Diva Dogs and Funky Felines - For the Urban Pet Owner

Diva Dogs and Funky Felines is a guide for city-dwelling pet owners who want to maximize the time and space they share with their dog, cat or other animal companion. Whether you live in a cramped basement apartment with an iguana or share a house in the trendy part of town with a black Lab (or two), we'll help you improve quality of life for your pet with tips, product guides and expert interviews.

Thursday, December 13, 2012

Weird Pets -The Axolotl

We’ve all seen pictures of pet dogs and cats that are so unusual looking they make us laugh or squirm, but what about fish and amphibians? In the slippery world of salamanders, the axolotl or Ambystoma mexicanum, wins the quirky-looks category hands down. Originally descending from Xochimilco and the defunct Chalco, two lakes south of Mexico City, the axolotl brings in the highest number of oohs and aaahs - and maybe some yucks - of all the salamanders available to pet owners.

Unlike other salamanders, Axolotls are neotenic. That is, they remain in their larval form (complete with fins) permanently. For this reason, most axies have a babyish, quizzical appearance. Maybe it’s their lidless eyes or the pale pink, almost see-through skin of most axololtols that makes them look perpetually young. They develop gills and remain in the water all their lives. Occasionally, an axolotl undergoes metamorphosis,  but this is painful for the animal. Axolotls can regenerate their limbs, eyes, even their kidneys. It’s no wonder scientists study these creatures to find out more about their healing and regenerative abilities.

A mature, two- year axolotl ranges from six to eighteen inches in length. Axolotls have several naturally occurring colors. They may be brown with spots, black, pink, gold or tan. Their eyes are pink or black. Some captive breeders produce multicolored or neon, glow-in the-dark variations.

Caring for an Axolotl

Axolotls should be raised in a 15-20 gallon aquarium, filled with enough water to fully cover the axie. Never use tap water as chlorine may harm axolotl. Use bottled water at a temperature between 64 and 72 degrees, adding Holtfreter's salt solution  to prevent infection. Change 20% of the tank water every two weeks. You may need to adjust this, depending on your axolotl's habits and health. Use only sand as substrate; the axolotl may eat stones or gravel lining the botttom of the tank. This may cause death. Axies eat bloodworms, earthworms, shrimp, red meat and tiny fish. They’ll also chow down on tiny insects and store-bought food pellets like Reptomin. Be careful when feeding axies miniature live fish.  Avoid leaving any in the tank. They may nibble at the axolotl's gills. With proper care, axolotls can live up to 15 years. Hand-feed these creatures, as they have poor eyesight and can only see an inch in front of them.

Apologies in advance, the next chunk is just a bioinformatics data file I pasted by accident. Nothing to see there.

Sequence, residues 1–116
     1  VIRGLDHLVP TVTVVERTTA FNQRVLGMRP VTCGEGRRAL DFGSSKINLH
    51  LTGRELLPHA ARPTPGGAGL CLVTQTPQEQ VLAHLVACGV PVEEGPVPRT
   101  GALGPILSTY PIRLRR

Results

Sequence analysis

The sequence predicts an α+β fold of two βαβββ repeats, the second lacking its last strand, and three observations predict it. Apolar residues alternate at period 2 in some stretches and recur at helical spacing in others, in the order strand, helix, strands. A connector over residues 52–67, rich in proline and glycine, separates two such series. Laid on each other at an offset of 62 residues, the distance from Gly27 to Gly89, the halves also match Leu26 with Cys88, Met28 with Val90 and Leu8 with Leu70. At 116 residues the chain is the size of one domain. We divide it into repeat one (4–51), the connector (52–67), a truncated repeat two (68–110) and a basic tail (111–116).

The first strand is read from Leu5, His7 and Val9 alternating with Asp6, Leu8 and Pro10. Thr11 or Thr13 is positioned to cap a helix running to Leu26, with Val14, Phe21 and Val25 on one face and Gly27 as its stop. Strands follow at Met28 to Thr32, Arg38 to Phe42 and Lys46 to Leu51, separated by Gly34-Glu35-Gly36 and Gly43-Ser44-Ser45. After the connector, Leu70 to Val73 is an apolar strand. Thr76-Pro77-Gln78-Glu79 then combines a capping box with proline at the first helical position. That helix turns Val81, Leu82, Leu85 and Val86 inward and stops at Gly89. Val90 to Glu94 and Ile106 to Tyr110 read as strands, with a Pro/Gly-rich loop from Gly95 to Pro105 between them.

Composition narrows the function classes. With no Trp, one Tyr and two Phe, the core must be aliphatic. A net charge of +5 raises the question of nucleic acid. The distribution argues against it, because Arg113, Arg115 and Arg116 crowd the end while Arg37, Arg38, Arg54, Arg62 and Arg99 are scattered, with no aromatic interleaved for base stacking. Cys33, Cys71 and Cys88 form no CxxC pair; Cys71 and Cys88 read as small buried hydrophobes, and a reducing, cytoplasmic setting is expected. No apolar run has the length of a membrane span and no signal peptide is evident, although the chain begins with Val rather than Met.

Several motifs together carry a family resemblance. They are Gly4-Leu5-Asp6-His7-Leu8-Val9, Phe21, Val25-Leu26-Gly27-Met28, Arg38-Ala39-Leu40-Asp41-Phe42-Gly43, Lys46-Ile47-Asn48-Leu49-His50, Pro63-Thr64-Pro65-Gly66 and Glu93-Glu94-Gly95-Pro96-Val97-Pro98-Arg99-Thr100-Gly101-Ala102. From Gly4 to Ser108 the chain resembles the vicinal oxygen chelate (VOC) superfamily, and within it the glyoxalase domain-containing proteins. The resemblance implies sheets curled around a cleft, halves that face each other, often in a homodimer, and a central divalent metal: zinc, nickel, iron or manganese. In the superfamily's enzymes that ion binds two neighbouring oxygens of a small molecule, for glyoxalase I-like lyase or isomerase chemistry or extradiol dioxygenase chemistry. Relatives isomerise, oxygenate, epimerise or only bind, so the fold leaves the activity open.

Endangered in Nature, Bred in Captivity

The axolotl is listed as “critically endangered:” in its natural habitat by the International Union for Conservation of Nature (IUCN). However, many amphibian experts breed axolotls and interested parties can contact a private breeder about purchasing one. Small pet stores occasionally sell axolotls, but you can never be sure of what you’re getting unless you can talk directly with a breeder.

Some states ban axolotls as pets. For example, it is illegal to ship them to
California and New Jersey. Check with your state’s Fish and Game Department for the laws in your area.

Article Copyright 2011 Jade Blackmore

This article originally appeared on Yeepet.com

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